Vitamin B12 is an essential vitamin, meaning it must be obtained from nutrition. It is naturally present in animal products, such as meats, fish, eggs and dairy. Consuming vitamin B12-rich foods contribute to a healthy nervous system and circulatory system.
A vitamin B12 deficiency can lead to severe symptoms if left untreated. Deficiency of vitamin B12 increases the risk of various diseases such as anaemia and neurological conditions. The elderly are sensitive to vitamin B12 deficiency and have a higher risk of developing these conditions. Vegetarians and vegans have to ensure that they receive enough vitamin B12 from fortified foods or supplements since B12 is not naturally found in non-animal food sources.
More details about how vitamin B12 is used by the body can be read in our previous articles.
Vitamin B12 is an essential nutrient for everyone. The German Nutrition Society recommends that adults consume 4 µg of vitamin B12 daily. People who are pregnant or breastfeeding have a higher requirement and need 4.5 and 5.5 µg of vitamin B12, respectively. However, not all of the B12 you consume will be completely absorbed. Instead, approximately half of the total vitamin B12 from a meal will reach the bloodstream. Avoid getting your daily B12 from a single large portion in one meal. Your body can absorb more B12 if you eat smaller portions of B12-rich foods across multiple meals. Avoid getting your daily B12 from a single large portion in one meal.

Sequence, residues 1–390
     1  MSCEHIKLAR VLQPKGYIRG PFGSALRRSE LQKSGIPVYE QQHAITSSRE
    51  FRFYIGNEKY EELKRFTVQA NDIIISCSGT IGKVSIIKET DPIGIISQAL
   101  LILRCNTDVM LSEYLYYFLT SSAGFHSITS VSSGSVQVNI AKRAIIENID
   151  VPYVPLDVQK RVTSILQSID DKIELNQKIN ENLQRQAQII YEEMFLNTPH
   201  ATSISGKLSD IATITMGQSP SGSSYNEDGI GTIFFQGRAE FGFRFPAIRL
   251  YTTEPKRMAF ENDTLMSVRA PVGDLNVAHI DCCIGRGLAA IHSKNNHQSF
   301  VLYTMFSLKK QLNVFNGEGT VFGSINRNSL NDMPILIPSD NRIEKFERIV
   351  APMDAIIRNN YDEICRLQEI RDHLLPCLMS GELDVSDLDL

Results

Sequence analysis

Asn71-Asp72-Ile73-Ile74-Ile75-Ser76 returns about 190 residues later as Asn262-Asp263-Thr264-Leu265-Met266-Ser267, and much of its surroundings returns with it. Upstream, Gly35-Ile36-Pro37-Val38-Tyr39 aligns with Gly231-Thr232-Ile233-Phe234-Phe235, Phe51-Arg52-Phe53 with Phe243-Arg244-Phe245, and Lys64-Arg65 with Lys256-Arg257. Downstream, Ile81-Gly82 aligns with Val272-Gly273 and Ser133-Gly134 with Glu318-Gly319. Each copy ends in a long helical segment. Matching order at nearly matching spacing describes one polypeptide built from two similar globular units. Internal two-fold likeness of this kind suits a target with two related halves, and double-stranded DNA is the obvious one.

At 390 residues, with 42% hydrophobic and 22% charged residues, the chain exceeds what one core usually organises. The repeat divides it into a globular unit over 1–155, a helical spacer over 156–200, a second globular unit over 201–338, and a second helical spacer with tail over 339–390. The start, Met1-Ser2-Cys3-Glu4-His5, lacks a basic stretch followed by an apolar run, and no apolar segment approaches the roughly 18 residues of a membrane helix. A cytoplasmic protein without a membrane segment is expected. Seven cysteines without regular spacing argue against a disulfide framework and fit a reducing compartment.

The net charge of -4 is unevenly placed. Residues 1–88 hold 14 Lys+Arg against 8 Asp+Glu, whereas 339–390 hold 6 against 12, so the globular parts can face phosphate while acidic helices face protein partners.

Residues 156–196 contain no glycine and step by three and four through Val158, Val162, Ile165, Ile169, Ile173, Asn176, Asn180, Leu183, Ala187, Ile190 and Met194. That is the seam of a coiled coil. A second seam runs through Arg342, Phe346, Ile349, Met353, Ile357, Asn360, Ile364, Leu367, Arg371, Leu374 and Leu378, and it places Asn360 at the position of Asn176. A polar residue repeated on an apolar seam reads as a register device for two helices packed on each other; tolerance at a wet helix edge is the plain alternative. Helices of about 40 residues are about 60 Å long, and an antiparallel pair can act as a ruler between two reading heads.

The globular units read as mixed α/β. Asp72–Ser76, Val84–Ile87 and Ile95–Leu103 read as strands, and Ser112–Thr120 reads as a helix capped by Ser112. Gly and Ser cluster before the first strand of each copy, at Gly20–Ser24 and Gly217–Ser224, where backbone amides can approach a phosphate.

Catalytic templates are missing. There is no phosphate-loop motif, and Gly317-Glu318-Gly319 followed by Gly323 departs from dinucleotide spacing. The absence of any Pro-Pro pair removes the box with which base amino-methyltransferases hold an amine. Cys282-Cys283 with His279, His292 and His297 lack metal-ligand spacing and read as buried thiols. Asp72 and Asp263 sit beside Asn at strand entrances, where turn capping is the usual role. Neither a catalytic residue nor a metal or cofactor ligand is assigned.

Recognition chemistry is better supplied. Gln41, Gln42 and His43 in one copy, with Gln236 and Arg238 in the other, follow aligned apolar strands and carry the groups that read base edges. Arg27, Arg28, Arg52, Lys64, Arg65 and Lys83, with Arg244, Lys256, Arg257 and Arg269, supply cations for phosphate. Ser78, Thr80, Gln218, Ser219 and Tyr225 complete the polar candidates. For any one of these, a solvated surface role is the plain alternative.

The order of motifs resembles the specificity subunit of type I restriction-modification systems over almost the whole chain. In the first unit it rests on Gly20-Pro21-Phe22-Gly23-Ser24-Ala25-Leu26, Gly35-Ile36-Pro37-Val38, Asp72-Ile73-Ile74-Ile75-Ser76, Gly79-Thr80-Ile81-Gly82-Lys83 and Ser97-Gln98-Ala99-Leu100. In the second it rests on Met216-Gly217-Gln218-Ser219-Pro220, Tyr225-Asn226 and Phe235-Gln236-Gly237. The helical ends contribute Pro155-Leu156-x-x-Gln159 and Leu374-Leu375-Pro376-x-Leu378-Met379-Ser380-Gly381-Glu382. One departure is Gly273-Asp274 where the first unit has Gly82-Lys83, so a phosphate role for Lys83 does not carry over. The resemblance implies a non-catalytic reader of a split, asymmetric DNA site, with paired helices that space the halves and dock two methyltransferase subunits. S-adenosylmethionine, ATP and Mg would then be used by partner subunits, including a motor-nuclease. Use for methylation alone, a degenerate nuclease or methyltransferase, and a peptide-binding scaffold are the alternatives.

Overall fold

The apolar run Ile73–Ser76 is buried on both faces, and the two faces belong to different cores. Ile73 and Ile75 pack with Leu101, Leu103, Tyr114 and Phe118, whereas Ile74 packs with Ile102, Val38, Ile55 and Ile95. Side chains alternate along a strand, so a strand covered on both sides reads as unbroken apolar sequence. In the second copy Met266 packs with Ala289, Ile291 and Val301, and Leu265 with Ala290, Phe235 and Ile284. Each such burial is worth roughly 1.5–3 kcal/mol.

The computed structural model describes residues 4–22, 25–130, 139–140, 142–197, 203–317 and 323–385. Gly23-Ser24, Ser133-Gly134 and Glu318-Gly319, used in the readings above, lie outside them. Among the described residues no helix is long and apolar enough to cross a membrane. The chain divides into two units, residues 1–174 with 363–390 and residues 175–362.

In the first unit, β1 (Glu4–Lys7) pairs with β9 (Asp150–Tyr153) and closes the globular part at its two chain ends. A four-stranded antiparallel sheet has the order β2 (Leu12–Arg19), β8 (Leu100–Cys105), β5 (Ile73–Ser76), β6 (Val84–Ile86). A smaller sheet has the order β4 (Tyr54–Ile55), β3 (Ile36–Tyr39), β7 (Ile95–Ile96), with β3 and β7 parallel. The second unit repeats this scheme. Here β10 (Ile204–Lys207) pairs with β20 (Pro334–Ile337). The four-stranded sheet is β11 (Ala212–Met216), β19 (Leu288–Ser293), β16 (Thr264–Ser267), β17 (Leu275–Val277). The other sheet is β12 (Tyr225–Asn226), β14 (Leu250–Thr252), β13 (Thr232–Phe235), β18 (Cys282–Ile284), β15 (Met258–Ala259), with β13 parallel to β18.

Vitamin B12-Rich Foods
These vitamin B12-rich foods are nutritious examples of foods that you can include in your diet to help meet your daily requirements.
Liver (beef or lamb)
Contains 65 µg vitamin B12 / 100g
Beef and lamb liver are very-rich sources of vitamin B12 and iron. You won’t need to eat very much to meet your daily requirement of vitamin B12.
Contains 10 µg vitamin B12 / 100g
Rabbit is a lean cut of meat that is high in vitamin B12. A small serving
Beef (various cuts)
Contains 5 µg vitamin B12 / 100g
Beef is an excellent source of vitamin B12. 100 g is sufficient to cover the daily requirement.
Contains 14,6 µg vitamin B12 / 100g
Oysters are notorious for their micronutrient content. They are incredibly rich in vitamin B12 and zinc.
Contains 9 µg vitamin B12 / 100g
A mackerel fillet is a great source of vitamin B12, vitamin D and heart-healthy unsaturated fats.
Contains 8,5 µg vitamin B12 / 100g
A few herring fillets will provide you with enough vitamin B12, as well as monounsaturated fats.
Contains 6,2 µg vitamin B12 / 100g
Mussels will provide you with a lot of vitamin B12 and iron.
Contains 5 µg vitamin B12 / 100g
A single serving of trout contains the daily requirement of vitamin B12 and is a great source of vitamin D and unsaturated fats.
Contains 3,1 µg vitamin B12 / 100g
Swiss cheese contains high levels of vitamin B12. Two slices can cover half of the daily requirement.
Contains 2,2 µg vitamin B12 / 100g
Tilsit cheese contains large amounts of vitamin B12. Tilsit cheese can help to meet the daily requirements of vitamin B12, especially for those on a vegetarian diet.
Contains 2,1 µg vitamin B12 / 100g
Edam is a very good source of vitamin B12, especially in a vegetarian diet. 100 g cover 2/3 of the daily requirement.
It is possible to find B12-fortified foods in some supermarkets, depending on local availability. Fortified foods are foods with added vitamins and minerals to help meet the daily nutrient requirements of consumers. Foods that are sometimes fortified with B12 include cereals, juices and dairy. The vitamin content of fortified foods should be listed on the nutritional information panel. This information includes how much of the daily requirement a single serving supplies.